Proper waste management is crucial since poor waste management could have an adverse effect on the environment and the health of living organisms. Indeed, the long-term cost associated with poor waste management could be higher than primary proper waste management [11]. Waste disposal has developed from dump sites at which the waste is in direct contact with the ground to engineered landfills that comprise base barriers that separate the waste from groundwater [12]. Landfilling is the most common waste disposal method in many countries [13,14,15], and landfills are the destination for waste either directly from the source (if landfilling is adopted solely as a waste management system), or the residual waste by-product from other waste management techniques [13]. This could be attributed to the relatively low construction and operation cost relative to other waste disposal methods [16].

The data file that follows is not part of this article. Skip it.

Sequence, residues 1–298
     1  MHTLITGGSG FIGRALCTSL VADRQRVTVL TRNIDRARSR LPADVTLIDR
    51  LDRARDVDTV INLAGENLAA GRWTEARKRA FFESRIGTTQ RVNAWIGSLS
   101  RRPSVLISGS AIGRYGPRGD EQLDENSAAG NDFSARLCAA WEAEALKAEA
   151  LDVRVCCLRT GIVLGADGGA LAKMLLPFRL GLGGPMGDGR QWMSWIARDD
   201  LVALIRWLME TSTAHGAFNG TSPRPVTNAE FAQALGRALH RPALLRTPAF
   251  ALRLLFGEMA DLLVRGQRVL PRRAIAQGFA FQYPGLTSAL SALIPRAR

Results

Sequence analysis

Reduction of waste volume disposed into a landfill could be needed if the land area assigned for landfilling is limited, or to increase the landfill’s cells capacity to extend the service time of an existing landfill without the need to construct a new one. Waste volume reduction methods include (a) waste compaction, (b) landfill bioreactors, (c) recycling, (d) composting, and (e) waste incineration. Waste compaction aims to reduce the air voids entrapped inside the waste mass, subsequently reducing the total waste volume and increasing the air space in a landfill [17]. Landfill bioreactors involve air and/or liquid circulation within the waste mass to motivate the aerobic bacterial processes (in presence of oxygen) or anaerobic waste biodegradation (in absence of oxygen) [18,19]. Both processes result in accelerated waste biodegradation in less time and hence increased landfill air space is obtained. Recycling is a waste diversion process that aims to reduce the waste mass and volume disposed into a landfill through the separation of waste either at the source or at a recycling plant, followed by the collection of similar waste components, then the manufacturing of marketable products [20,21,22]. Another waste diversion process is composting (mechanical biological treatment) which involves the bio decomposition of organic waste under controlled aerobic conditions into a humus-like product, known as compost, which can be used in land remediation, restoration, and agriculture [23,24,25,26]. Finally, incineration of waste involves burning the waste inside an incinerator turning the waste into bottom ash, fly ash, air pollution control residues, and gaseous products principally carbon dioxide and water vapor [27,28]. This process reduces the waste volume by approximately 90% [29], with the remaining volume of waste either diverted or landfilled.